Several District agencies are pushing efforts to educate and administer constructive change for former inmates in Washington, D.C., also known as returning citizens. The National Association of Returning Citizens (NARC) headed by President Eric Weaver, in conjunction with the Office of D.C. At-large Council member Robert White (D) and various sponsors recently held a screening for the documentary, “Returning Citizens.”
The screening of “Returning Citizens” narrates the challenging transitions former inmates have when returning to their lives. The event was held at the R.I.S.E Demonstration Center in Southeast D.C. on Nov. 2. Guest speakers included Charles Thornton, Lashonia Thompson, Brittany Floyd and Eric Weaver, each a resident who was once incarcerated. The screening was followed by a roundtable discussion dissecting the various perils of citizen re-entry after prison.
Panelist told the audience about their transitions after serving time. Each speaker said they experienced adversity from different angles, including lack of employment opportunities, lack of emotional support and missing large periods of life.
Brittany Floyd, who was a senior in high school when she was incarcerated, spoke about the social challenges she faced during her transition and the gaps in support for residents with criminal records.
“We do have a lot of youth services in the District, but you do not find a lot of intimate youth services where it’s intimate settings where people can come and trust and really know this is a safe place,” she said. “A lot of youth services that’s offered [for] youth come at a time where you’ve been entered into the justice system, you’ve been arrested, or your parents for some reason neglected you and you were introduced to child and family services.”
White helped to direct the conversation to an often-ignored prospect of mental health and the role it plays in the District’s disaster of crime and mass incarceration. District resident and returning citizen Eric Weaver provided his insight on the mental and emotional scarring that accompany prison life, as he compared his 22 years in prison to a “war zone” where one becomes numb to the emotions and happenings of the outside world.
“I remember coming home and my mother hugging me. I hugged her back because I knew that was the right thing to do but I felt nothing,” he said. “After being gone twenty-something years and coming home hugging my mother, I had no feelings at all. None at all. So, I think it’s nothing in jail that prepares you to come out there and have to deal with those type of emotions.”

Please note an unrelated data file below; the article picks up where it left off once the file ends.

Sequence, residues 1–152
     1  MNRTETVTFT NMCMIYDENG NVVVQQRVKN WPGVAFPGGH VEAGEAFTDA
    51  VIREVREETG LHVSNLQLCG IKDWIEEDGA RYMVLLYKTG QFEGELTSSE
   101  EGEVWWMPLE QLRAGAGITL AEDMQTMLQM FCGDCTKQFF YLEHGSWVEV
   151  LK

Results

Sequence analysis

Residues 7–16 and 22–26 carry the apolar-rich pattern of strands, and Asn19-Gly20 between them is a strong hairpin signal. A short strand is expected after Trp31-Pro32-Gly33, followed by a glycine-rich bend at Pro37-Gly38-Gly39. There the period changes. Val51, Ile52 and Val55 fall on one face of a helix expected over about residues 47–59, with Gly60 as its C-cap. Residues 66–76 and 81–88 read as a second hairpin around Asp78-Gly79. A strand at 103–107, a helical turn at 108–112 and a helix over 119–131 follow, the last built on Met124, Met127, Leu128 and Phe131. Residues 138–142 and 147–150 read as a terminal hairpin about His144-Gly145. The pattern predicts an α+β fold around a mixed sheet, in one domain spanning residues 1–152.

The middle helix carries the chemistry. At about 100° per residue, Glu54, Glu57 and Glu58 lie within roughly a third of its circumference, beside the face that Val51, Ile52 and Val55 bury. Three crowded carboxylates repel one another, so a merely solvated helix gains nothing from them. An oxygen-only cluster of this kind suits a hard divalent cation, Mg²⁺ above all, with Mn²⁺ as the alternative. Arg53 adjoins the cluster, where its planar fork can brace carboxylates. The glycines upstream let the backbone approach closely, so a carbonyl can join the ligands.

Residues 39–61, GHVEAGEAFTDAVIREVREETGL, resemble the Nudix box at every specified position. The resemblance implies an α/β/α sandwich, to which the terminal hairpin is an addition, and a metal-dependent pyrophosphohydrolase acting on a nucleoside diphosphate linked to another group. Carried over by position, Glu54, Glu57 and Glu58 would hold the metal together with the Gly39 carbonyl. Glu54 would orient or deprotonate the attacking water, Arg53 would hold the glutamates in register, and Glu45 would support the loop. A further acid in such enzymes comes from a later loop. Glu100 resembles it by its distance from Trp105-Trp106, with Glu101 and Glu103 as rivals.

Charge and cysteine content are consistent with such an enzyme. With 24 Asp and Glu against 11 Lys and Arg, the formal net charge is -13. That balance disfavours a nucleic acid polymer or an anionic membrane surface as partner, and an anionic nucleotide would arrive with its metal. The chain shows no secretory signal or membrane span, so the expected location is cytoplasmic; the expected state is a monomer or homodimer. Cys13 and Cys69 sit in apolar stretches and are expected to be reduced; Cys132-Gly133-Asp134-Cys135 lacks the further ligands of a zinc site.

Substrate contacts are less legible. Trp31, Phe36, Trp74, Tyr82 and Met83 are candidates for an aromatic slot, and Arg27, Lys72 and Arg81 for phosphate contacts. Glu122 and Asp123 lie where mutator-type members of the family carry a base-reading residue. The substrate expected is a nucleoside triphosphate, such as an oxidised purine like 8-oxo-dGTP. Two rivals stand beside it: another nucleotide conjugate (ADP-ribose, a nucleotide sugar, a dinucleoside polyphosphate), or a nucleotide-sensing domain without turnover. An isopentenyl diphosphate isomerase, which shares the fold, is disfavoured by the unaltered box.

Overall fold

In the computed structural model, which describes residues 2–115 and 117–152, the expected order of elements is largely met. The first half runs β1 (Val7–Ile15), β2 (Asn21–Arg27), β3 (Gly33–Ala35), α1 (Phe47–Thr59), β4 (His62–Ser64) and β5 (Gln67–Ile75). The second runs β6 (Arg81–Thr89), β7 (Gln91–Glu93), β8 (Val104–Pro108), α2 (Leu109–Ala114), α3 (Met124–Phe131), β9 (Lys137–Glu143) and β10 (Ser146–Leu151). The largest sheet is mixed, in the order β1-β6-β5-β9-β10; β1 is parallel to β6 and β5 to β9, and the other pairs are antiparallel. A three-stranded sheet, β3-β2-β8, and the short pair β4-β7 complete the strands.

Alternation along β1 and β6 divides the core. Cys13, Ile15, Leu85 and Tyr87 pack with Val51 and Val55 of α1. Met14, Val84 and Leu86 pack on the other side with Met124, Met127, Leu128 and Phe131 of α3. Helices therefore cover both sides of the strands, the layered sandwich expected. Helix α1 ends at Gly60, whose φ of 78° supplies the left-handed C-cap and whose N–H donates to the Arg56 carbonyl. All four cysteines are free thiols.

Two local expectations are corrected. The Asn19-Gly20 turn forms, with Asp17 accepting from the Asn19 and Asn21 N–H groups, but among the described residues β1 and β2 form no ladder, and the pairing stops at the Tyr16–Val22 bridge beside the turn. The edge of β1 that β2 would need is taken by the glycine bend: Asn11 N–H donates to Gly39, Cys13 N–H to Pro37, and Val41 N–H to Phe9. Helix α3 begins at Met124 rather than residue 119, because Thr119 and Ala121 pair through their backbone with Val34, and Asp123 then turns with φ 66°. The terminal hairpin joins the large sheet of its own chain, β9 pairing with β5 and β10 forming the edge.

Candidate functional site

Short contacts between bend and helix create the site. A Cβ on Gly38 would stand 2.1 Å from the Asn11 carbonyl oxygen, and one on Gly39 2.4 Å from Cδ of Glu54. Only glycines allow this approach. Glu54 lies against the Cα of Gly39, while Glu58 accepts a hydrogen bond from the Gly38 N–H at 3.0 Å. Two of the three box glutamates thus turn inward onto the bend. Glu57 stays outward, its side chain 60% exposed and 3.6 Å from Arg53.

The District of Columbia Police Department previously faced a backlash for jailing mentally ill residents and was tasked by agencies within the city to find more humane and fair ways of handling prisoners with mental health issues.
“We just can’t arrest our way out of this,” White told participants. “I think in the city we tried this in the 80s and 90s. We tried this as a way to deal with the crack epidemic and what it left was a generation of fatherless and motherless children who, I think, lack the supports that they needed and then these folks are still coming back into our city without college degrees, without the majority of the time, almost half the time, without high school diplomas or GED’s, and finding it very difficult to get back on their feet and to support themselves which results in higher costs for our city.”
Newly appointed D.C. Chief of Police Peter Newsham agreed that arrests should not be the first and final solution. “I have been saying it since I’ve been assigned as the Chief of Police that we cannot arrest our way out of the crime problem that we have in the District of Columbia. We have done a number of things in Washington, DC as a police department to move the focus away from arresting people, in particular who have substance abuse or mental health issues, because when you introduce folks like that into the criminal justice system, it doesn’t change the behavior,” he said.